Experts say the Great Recession is over, but someone forgot to pass the memo around at the office. According to a recent article by DailyFinance, employee confidence is still shaky especially for women and older people. A recent Glassdoor survey showed 1-in-5 employees still fear losing their jobs this year. I wasn't surprised that some employees felt they could get laid off despite the fact that their employers are enjoying the benefits of the economic recovery. I work for a media company that is doing much better now than during the recession. However, I know layoffs and pay cuts are part of the modern work culture.
Instituting unpaid days off
Even though many companies are operating with minimal staff, it seems companies still can find ways to cut the fat. I prefer "hiring freezes" as opposed to layoffs; however, it's difficult for younger people trying to get jobs. According to the survey, 51 percent of the people who experienced negative changes in the workplace reported a change in their salary. Another 22 percent reported a pay cut and 17 percent reported a hiring freeze. I'm one of many employees who has to take furlough days or unpaid days off to help balance the budget for the company. I also got a permanent pay cut last year. I have learned to adjust my spending by making homemade lunches instead of eating out.
Finding better job prospects
According to the survey, 39 percent of workers worried they could not find commensurate work. Employees under the age of 34 were more optimistic about finding a better job within 6 months. It makes sense that older workers are skeptical about being able to replace their current incomes. Older workers have had the benefit of pay raises throughout the years. However, my pay has remained stagnant for about six years. In fact, I'm actually earning less now than I did just before the recession started. At the same time, I know the job prospects aren't good.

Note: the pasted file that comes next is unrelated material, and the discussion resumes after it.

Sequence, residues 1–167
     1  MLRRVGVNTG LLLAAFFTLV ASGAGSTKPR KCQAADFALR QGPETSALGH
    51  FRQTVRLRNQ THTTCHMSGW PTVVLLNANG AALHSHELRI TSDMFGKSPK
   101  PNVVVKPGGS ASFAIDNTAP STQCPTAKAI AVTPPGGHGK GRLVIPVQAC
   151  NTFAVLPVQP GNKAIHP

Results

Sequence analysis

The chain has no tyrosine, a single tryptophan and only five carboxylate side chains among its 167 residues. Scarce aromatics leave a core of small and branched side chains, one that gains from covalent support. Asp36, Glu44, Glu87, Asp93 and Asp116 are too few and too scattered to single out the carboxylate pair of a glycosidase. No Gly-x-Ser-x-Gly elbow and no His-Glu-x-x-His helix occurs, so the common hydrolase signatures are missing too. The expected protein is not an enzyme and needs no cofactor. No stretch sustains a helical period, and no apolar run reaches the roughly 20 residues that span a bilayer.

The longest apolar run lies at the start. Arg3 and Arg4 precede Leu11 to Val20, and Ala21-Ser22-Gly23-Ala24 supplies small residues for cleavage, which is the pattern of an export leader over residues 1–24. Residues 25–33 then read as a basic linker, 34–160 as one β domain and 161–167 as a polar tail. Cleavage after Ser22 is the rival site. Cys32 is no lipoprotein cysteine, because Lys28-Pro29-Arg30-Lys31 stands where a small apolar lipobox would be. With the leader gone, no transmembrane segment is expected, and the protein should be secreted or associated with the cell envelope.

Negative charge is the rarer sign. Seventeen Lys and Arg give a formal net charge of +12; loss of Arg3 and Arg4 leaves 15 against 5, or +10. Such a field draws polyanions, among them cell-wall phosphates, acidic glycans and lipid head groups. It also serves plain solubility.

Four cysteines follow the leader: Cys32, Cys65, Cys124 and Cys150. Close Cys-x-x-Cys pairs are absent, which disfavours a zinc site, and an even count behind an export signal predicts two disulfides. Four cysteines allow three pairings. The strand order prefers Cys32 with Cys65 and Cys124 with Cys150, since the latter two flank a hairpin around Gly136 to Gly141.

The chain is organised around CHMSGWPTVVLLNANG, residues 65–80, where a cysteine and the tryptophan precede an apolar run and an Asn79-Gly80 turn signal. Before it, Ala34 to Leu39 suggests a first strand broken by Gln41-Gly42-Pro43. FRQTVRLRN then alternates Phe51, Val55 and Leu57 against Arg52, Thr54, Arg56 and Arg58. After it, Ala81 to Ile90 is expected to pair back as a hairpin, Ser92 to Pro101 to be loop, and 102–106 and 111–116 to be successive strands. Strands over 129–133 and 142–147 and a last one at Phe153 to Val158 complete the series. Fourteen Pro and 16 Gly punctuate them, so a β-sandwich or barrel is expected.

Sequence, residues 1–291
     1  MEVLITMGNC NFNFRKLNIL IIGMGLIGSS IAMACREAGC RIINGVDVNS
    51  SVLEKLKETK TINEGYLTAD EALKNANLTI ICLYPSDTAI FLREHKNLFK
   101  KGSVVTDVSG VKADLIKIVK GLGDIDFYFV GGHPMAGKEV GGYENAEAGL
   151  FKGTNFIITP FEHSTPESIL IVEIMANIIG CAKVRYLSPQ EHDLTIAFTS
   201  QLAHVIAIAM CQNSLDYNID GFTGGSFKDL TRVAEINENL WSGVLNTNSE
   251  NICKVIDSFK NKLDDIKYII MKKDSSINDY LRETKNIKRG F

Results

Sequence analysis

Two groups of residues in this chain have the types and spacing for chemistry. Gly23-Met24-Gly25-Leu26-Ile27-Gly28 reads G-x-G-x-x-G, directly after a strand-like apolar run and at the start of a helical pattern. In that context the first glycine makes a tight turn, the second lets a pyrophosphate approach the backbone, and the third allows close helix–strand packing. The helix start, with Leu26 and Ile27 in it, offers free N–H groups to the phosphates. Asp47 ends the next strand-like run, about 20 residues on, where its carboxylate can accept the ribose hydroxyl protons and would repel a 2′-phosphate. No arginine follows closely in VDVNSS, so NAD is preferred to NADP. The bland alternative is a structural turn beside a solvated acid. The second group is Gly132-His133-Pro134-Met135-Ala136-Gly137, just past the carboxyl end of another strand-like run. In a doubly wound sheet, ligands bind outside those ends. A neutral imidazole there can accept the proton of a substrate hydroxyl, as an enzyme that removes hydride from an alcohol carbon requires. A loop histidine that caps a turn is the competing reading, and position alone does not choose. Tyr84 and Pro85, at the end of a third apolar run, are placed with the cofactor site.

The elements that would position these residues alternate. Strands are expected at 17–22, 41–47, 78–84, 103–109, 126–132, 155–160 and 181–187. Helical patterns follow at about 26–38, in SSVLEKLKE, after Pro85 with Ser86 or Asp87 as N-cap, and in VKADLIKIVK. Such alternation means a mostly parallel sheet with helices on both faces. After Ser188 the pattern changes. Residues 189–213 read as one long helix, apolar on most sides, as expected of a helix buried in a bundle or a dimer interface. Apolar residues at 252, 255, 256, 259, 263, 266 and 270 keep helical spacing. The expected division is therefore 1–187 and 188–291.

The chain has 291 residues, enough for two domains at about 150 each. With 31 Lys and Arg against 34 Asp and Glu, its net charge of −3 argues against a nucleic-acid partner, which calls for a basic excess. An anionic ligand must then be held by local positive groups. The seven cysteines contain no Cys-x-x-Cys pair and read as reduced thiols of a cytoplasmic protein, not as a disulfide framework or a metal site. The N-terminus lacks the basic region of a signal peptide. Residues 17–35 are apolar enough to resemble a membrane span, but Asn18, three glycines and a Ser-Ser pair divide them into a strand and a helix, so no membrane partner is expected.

Paying into a rainy-day fund
One of the ways that I ease my post-recession job fears is by saving as much as I can into an emergency savings account. I pretend as though I'm paying a bill each month when I put $300 into savings. I don't have enough yet to cover my living expenses if I were to be laid off, but I feel more secure as each month passes. I also take advantage of the company-sponsored retirement fund even though they don't pay a company match. If I were to get laid off, I'd no longer be eligible to contribute to a 401(k). I want to take advantage of the opportunity while it exists. I am particularly fond of the Roth IRA option since I won't have to pay taxes on the earnings when I reach retirement age.
Although I know on one level that the Great Recession is over, I still have lingering doubts about my job security. I've heard that the economy may feel like a Great Recession when a neighbor losing a job, but it feels like a Great Depression when a person loses his or her own job. I'm not sure when I'll stop looking for the ax to fall.
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